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Education  |   October 2000
Transdermal Nitroglycerine Enhances Spinal Neostigmine Postoperative Analgesia following Gynecological Surgery
Author Affiliations & Notes
  • Gabriela R. Lauretti, M.D., M.Sc., Ph.D.
    *
  • Ana-Paula M. Oliveira, M.D.
  • Maria-do-Carmo C. Julião, M.D.
  • Marlene P. Reis, M.D., M.Sc., Ph.D.
  • Newton L. Pereira, B.Pharm., M.Sc., Ph.D.
    §
  • *Assistant Professor of Anesthesiology, †Postgraduate Student, ‡Associate Professor of Anesthesiology, Department of Surgery, Orthopedics, and Traumatology, Faculty of Medicine; §Assistant Professor of Pharmacy, Faculty of Pharmacy, Department of Pharmacy and Sciences, Ribeirão Preto, University of São Paulo.
Article Information
Education
Education   |   October 2000
Transdermal Nitroglycerine Enhances Spinal Neostigmine Postoperative Analgesia following Gynecological Surgery
Anesthesiology 10 2000, Vol.93, 943-946. doi:
Anesthesiology 10 2000, Vol.93, 943-946. doi:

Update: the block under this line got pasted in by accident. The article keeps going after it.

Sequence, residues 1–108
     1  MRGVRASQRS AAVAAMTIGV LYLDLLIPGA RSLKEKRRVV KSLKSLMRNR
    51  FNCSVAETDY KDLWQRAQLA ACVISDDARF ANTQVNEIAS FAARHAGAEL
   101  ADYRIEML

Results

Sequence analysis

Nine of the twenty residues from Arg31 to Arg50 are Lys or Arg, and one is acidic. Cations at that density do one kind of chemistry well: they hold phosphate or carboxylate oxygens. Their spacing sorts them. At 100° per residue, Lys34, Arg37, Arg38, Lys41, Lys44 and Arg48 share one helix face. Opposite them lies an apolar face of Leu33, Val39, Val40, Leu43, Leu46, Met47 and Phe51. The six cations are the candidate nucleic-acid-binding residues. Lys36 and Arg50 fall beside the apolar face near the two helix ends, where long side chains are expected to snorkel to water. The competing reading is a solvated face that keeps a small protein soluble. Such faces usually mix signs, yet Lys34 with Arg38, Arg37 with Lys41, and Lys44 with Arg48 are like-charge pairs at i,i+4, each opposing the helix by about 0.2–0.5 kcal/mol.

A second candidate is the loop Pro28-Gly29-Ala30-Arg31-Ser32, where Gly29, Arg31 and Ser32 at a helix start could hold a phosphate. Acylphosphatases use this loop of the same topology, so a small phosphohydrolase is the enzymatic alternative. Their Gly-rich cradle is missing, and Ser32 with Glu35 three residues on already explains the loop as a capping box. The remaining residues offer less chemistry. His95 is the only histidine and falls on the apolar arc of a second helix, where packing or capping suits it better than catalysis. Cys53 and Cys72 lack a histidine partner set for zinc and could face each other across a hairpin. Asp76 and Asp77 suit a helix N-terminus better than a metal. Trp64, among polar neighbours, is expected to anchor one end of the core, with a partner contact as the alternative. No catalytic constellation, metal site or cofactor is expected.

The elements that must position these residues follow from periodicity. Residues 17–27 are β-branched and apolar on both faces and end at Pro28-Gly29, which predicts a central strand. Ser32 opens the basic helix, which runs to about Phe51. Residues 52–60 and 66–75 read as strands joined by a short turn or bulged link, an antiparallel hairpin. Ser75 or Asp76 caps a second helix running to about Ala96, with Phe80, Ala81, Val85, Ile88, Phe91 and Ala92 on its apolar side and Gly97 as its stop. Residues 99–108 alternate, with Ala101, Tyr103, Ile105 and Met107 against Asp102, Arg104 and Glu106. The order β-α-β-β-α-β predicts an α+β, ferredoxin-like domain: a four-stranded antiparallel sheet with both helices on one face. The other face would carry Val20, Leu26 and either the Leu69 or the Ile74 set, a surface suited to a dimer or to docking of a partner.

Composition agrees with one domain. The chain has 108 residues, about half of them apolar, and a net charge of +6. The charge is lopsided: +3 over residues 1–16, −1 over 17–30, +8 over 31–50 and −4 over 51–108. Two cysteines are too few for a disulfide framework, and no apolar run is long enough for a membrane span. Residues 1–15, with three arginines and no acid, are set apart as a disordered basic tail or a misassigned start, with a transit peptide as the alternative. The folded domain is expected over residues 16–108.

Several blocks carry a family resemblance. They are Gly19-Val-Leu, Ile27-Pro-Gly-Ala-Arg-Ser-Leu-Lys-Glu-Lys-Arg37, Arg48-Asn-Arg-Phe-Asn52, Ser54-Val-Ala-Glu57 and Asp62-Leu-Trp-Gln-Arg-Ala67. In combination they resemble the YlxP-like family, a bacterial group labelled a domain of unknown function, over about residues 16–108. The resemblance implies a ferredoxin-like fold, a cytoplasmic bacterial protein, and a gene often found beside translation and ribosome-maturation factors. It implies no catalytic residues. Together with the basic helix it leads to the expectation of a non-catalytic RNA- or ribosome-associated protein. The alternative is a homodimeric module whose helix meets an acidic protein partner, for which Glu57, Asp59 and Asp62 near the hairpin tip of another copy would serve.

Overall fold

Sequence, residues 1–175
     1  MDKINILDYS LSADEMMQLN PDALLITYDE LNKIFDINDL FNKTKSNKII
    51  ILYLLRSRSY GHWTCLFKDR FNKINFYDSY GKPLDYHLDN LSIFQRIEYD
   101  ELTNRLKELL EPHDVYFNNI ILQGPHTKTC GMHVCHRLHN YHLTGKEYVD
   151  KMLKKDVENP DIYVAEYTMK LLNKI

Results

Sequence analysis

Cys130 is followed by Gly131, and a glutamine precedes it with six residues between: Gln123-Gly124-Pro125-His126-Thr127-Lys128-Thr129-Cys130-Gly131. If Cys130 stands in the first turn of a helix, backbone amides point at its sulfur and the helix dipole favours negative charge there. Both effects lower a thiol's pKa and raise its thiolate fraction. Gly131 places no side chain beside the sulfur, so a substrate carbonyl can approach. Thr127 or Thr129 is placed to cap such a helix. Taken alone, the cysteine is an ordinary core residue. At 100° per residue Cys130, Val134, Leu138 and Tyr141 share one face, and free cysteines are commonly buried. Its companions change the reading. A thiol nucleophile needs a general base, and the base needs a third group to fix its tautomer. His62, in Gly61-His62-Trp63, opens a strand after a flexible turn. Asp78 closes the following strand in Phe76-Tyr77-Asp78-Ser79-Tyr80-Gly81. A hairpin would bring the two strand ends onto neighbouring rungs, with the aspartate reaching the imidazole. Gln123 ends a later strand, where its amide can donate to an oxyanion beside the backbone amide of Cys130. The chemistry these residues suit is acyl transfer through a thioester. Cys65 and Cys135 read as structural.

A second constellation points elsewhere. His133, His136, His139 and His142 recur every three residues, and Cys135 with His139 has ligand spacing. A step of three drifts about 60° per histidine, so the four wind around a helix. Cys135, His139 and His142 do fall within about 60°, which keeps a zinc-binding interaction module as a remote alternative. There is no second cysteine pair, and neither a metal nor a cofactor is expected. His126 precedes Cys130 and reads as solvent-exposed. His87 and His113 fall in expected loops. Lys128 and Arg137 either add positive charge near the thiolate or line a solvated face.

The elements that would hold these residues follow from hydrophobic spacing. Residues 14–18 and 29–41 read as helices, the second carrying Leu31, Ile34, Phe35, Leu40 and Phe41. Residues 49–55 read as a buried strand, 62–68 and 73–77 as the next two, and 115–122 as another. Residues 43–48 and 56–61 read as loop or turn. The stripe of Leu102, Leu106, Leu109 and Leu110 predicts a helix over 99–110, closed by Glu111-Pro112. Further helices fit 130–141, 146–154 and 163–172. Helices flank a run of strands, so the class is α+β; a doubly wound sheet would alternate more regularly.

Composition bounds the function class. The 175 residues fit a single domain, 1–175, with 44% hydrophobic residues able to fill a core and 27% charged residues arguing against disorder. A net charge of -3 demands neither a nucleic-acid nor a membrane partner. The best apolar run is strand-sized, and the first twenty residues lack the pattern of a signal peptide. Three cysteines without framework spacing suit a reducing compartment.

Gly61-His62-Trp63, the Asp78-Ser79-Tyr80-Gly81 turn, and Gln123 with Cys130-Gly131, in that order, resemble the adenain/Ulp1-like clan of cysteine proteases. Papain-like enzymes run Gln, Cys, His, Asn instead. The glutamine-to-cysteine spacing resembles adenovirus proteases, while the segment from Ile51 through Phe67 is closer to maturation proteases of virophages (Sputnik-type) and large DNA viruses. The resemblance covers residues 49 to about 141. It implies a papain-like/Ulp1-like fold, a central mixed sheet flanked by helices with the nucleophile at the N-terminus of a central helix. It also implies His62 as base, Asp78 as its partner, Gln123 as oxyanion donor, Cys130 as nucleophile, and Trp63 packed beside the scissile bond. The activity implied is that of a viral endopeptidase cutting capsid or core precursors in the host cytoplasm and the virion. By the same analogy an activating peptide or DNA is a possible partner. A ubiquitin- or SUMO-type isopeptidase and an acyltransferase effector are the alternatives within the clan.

INTRATHECAL neostigmine causes dose-dependent postoperative analgesia 1–3 by inhibiting the breakdown of acetylcholine in the dorsal horn 4,5 and spinal meninges. 6 Acetylcholine may cause analgesia through direct action on spinal cholinergic muscarinic receptors M1and M37 and nicotinic 8 receptors subtypes and indirectly through stimulation of release of the second-messenger nitric oxide in the spinal cord. 9 
The purpose of this study was to determine whether the application of transdermal nitroglycerine would enhance analgesia from single intrathecal low-dose neostigmine administration in patients undergoing gynecologic surgery during intrathecal anesthesia.
Methods
The Ethical Committee of the Teaching Hospital of the University of São Paulo, Ribeirão Preto, approved the study protocol. After giving informed consent, 48 patients, American Society of Anesthesiologists physical status I and II, scheduled to undergo vaginoplasty were randomized with use of a computer to one of four groups and prospectively studied using a placebo-controlled double-blind design to evaluate analgesia and adverse effects. The concept of visual analog scale (VAS), which consisted of a 10-cm line, with 0 equaling “no nausea” or “no pain at all” and 10 equaling “worst possible nausea” or “the worst possible pain” was introduced before surgery.